NHS England has joined forces with the UK Health Security Agency (UKHSA) to launch a new awareness campaign on urinary tract infections (UTIs), as new data shows they have led to almost one million hospital admissions in the last five years.
The joint venture will include a range of resources being shared with local NHS settings, charities, royal colleges, care homes, and other relevant organisations as part of the drive.
New research shows that, while the last five years have seen 800,000 hospital admissions directly because of UTIs, they have been involved in around a million more.
UKHSA’s deputy director for antimicrobial resistance, Dr Colin Brown, commented: “UTIs are incredibly common and while most people can manage their infection at home with painkillers and plenty of fluids, some do go on to develop much more serious complications, such as kidney or bloodstream infections that need hospital treatment.”
The campaign, which comes just prior to international infection prevention week, has been launched ahead of what is expected to be another busy winter for the NHS.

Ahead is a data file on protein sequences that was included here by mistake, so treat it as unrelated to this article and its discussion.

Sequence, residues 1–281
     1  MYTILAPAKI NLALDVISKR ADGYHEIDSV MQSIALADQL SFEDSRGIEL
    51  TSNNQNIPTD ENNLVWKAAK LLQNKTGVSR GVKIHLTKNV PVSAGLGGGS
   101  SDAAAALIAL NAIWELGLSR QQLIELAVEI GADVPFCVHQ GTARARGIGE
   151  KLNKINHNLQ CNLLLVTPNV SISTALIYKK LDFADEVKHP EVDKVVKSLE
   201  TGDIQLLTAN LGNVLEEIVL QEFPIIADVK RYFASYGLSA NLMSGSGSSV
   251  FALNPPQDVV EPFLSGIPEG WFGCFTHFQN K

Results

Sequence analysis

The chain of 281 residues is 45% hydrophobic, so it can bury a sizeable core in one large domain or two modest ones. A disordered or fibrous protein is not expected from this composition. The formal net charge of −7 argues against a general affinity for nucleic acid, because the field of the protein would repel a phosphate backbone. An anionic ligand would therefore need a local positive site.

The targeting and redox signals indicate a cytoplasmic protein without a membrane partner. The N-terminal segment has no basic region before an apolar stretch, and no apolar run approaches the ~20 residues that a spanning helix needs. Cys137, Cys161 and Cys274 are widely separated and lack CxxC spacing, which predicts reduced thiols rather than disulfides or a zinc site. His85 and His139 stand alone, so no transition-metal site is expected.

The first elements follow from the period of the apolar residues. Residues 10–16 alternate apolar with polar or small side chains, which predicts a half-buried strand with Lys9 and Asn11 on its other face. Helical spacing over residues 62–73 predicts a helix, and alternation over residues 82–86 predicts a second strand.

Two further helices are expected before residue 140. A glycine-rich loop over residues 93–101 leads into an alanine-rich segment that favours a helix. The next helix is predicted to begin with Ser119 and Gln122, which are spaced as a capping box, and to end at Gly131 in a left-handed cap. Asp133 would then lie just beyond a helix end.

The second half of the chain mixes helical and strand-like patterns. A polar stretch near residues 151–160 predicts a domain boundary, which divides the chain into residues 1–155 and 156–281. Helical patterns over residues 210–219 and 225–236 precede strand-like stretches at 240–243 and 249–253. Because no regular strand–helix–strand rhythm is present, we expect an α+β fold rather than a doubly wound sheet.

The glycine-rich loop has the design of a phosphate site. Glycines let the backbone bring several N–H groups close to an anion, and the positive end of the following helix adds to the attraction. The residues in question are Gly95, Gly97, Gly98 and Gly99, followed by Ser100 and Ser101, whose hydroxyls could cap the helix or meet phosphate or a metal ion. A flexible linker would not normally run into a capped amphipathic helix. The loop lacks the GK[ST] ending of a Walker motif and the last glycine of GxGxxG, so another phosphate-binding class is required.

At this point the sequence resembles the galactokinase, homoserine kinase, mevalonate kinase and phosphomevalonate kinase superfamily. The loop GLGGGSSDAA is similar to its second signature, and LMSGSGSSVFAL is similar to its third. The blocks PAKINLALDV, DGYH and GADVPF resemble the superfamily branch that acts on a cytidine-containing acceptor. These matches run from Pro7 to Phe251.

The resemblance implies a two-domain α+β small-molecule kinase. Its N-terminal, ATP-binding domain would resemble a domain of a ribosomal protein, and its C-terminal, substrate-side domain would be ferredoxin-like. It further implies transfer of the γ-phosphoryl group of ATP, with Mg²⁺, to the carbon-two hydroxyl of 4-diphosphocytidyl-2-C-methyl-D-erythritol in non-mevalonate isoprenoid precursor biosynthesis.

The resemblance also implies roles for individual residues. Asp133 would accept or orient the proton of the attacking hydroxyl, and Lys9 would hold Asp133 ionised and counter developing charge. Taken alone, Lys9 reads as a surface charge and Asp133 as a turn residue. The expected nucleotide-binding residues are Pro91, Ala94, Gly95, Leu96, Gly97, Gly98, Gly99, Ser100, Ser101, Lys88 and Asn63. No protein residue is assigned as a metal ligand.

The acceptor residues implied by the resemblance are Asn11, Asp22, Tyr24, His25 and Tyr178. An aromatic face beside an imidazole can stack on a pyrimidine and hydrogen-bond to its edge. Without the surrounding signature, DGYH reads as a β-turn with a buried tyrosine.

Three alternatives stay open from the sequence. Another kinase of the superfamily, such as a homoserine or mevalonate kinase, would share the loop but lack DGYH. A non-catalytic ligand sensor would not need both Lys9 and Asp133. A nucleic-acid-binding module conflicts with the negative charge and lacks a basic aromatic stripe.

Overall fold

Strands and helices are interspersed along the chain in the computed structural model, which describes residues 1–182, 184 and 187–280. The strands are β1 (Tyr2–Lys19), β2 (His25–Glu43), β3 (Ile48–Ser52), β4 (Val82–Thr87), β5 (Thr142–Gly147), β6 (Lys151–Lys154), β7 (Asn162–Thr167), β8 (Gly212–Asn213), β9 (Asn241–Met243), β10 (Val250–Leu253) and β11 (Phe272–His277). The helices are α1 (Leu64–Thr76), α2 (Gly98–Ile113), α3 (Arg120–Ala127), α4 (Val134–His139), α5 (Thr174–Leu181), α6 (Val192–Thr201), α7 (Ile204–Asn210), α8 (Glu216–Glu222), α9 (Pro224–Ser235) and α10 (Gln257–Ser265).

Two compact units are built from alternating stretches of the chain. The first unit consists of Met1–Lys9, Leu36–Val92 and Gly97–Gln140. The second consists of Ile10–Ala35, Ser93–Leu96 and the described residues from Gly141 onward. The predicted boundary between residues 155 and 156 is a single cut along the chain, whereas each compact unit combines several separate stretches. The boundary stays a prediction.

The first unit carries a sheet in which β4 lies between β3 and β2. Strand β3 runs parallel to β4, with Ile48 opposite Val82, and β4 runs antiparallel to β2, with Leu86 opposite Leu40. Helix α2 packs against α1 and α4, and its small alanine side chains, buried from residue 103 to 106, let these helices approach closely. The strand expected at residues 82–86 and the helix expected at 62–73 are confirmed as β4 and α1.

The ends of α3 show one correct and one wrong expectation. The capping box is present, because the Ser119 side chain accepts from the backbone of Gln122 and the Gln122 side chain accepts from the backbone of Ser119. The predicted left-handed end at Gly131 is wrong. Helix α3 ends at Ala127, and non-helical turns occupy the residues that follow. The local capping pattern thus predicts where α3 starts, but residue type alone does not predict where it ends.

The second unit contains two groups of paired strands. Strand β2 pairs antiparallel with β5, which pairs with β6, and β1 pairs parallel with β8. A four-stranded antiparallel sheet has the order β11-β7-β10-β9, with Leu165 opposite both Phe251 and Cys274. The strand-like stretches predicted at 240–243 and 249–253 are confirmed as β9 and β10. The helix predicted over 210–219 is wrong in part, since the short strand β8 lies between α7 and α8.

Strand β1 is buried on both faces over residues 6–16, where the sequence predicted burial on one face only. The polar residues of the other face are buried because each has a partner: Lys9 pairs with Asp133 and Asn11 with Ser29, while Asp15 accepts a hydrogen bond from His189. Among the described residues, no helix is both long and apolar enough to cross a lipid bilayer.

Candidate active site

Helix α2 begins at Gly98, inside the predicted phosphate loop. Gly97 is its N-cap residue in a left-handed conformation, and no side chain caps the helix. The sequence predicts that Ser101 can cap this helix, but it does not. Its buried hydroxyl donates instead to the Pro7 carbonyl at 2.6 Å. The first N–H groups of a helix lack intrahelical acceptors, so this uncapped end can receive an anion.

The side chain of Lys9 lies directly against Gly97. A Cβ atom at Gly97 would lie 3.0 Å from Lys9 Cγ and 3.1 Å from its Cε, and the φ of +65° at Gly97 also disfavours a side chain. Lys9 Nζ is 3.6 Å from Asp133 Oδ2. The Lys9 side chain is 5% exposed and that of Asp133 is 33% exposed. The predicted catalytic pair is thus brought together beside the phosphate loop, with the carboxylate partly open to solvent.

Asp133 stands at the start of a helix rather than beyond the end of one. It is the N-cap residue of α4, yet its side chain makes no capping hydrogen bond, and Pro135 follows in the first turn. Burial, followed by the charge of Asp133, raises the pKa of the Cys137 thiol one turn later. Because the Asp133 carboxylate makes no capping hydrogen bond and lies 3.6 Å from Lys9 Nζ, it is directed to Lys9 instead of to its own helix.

New data shows that more than 800,000 people were admitted to hospital for urinary tract infections (UTIs) over the last 5 years.— NHS (@NHSuk) October 12, 2023
Find out how to spot symptoms and reduce your risk of getting a serious UTI
➡️ https://t.co/ANvWATuthO pic.twitter.com/E1BOr9DTL2
Last year’s festive period was a record-breaking one in terms of demand and health leaders are anticipating more of the same.
This time last month saw clinical leaders and healthcare experts join government officials at a winter roundtable to discuss how the NHS can plan for the work ahead. Shortly after, a £200m resilience package was announced to help further cut waiting lists and ensure patients get the care they need.
However, some health leaders questioned how effective the investment would be considering the ongoing industrial action and the fact it was rolled out so close to winter.
Chief executive of the NHS Confederation, Matthew Taylor, said at the time: “The risk is that this money is simply absorbed to cover existing and escalating costs elsewhere, with patients seeing little benefit in terms of day-to-day care, waiting lists or performance.”
National Health Executive spoke to NICE’s former chair, Sir David Haslam, about the NHS winter pressures – click here to listen to the latest podcast.
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